When I first started the series, I was thinking, “Aspen and America are so cute together, omg, they need to get married.”
Like, chapter four, I was like, “Oh my god, I like this Maxon guy…”
Chapter six was like, “WTH Aspen??”
And so on.
Basically, I was like, “C’mon America! Some of us gotta work hard to find love.”
When they finally got their act together (spoiler alert, it was the last book, at the end) I was happy. And sort of content. That’s why finding out there would be another one threw me for a loop.
When I first started to read it, I was bored with it. I wasn’t ready for Maxon and America to grow up yet. They just got married!
But I gave it another go, and I’m so glad i did!
The story is about how Maxon and America’s daughter received the crown and is now having a selection of her own. The daughter- Eadlyn- didn’t want to have a selection, but after a little persuading. she finally agreed to do it. One of the selected boys is Kile, one one the sons living in the castle with her. Everyone thinks that she’ll eventually come to her senses and pick him to marry. (I was one of those persons.)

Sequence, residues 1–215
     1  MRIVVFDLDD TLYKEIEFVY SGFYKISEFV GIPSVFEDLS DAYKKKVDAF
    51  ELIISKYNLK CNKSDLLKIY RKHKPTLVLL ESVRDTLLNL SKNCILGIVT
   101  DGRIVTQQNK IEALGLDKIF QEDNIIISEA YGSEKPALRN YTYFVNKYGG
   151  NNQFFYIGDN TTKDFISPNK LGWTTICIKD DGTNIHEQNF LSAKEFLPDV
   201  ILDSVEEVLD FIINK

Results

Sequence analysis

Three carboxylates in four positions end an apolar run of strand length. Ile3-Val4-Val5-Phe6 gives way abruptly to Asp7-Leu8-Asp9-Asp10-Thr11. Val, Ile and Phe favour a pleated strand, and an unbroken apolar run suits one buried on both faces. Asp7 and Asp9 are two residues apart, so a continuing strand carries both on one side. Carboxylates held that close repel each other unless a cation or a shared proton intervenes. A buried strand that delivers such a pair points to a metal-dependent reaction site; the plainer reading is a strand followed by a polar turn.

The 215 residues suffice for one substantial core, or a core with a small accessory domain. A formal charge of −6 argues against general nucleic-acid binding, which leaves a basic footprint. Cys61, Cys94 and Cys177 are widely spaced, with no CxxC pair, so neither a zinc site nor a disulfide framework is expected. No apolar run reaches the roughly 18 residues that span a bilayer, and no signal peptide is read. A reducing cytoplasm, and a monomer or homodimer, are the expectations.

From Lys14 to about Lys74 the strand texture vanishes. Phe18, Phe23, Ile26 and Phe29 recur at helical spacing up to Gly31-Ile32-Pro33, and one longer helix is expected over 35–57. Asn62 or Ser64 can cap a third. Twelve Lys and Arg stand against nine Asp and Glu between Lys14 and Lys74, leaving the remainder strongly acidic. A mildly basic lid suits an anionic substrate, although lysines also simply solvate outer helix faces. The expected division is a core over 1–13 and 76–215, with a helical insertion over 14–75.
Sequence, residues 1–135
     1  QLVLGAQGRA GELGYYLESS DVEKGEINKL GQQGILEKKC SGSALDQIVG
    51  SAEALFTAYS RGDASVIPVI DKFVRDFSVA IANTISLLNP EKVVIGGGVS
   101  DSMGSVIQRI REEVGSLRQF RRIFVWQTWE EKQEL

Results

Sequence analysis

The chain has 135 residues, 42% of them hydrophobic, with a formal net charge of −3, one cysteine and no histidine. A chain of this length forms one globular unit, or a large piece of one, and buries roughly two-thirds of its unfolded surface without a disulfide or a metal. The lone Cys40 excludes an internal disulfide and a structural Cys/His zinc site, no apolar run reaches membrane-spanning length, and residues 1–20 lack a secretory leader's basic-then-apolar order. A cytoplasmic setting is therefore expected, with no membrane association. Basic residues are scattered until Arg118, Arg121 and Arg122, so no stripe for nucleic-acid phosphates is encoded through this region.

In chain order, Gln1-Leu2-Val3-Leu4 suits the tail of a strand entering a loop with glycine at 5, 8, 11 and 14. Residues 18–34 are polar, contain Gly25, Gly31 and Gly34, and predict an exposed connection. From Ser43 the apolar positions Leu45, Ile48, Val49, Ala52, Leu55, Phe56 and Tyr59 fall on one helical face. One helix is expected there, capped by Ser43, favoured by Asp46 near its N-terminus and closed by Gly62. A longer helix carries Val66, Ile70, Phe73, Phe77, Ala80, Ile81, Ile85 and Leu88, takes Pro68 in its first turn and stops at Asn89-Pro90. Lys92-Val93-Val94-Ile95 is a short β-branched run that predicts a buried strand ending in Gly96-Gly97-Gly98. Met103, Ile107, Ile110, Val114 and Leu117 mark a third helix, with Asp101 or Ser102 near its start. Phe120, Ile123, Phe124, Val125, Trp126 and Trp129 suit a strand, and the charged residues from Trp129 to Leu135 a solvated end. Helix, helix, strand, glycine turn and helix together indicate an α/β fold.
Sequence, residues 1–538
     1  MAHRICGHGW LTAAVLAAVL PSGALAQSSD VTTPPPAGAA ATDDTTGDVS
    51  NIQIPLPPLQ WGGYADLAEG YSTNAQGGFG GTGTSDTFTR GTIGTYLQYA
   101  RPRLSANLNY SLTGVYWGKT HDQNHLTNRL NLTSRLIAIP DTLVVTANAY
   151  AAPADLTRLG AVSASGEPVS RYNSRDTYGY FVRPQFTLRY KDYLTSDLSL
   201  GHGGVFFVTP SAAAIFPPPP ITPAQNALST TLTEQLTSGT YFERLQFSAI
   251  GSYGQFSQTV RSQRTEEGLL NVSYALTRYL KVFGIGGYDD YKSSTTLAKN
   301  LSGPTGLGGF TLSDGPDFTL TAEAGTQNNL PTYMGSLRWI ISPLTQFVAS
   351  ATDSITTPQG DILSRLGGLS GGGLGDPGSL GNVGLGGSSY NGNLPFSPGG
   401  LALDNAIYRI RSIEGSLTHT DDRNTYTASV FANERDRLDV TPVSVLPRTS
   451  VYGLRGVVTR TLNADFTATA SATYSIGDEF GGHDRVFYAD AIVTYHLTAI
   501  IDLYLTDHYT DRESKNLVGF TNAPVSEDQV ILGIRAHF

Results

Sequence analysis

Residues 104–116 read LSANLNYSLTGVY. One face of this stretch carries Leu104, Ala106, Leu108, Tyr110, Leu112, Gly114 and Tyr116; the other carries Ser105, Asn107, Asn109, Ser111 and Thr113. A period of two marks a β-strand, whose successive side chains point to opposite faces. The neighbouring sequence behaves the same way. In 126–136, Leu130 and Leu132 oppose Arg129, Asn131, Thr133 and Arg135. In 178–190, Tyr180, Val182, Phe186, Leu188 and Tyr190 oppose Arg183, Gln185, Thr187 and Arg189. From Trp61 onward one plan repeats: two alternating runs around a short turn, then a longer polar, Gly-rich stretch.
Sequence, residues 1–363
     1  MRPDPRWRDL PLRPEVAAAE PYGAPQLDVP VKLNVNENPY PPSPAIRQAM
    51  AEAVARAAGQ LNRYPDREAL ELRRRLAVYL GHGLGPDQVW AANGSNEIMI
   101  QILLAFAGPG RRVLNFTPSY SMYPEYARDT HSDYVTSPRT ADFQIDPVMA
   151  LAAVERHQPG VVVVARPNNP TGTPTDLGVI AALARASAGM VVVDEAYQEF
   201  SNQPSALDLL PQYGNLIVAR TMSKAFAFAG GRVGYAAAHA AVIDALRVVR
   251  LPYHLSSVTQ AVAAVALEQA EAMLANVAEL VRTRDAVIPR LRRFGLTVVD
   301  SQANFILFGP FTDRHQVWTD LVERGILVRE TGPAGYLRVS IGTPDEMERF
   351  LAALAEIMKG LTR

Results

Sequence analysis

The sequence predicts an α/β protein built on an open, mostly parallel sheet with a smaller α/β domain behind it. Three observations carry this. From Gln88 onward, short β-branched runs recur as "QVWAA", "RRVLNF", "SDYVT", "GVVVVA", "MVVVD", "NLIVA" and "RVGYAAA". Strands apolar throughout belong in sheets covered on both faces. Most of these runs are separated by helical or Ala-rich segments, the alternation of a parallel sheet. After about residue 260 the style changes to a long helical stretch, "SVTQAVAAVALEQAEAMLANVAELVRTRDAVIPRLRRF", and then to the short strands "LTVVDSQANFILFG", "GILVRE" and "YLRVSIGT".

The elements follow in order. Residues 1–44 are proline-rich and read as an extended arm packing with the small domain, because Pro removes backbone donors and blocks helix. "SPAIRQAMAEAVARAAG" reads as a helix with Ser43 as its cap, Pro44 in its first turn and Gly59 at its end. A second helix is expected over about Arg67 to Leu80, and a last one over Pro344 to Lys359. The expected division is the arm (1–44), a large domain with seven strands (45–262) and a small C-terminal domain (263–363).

As the selection goes on, we meet Henri, a man who speaks Finnish, his translator, Erik, Ean Cabel, Hale Garner, Burke Renn. Fox Wesley, etc…
As you’ll notice, our favorite guy Gavril Fadaye (Who I REALLY thought was gay…) comes back, continuing his selection footage as host. A lot of familiar faces make their way to the book, and it’s so much fun to point them out (and hard not spoil who it is), and a lot of questions come up.
As the book starts to end, you worry that Kiera Cass is just gonna leave you hanging…
But she doesn’t.
Thank the book gods for this holy book.
We find out things are gonna be okay for America (We were all worried about our queen)
Maxon stays at America’s bed *Cry*
Maxon and America still dance when it rains *crying*
Eadlyn goes for the wrong guy (unlike her mother), but I guess he’s okay…
So tell me what you guys think below, and what I should read next.
Below is the beginning of The Heir:
from Kiera Cass’s website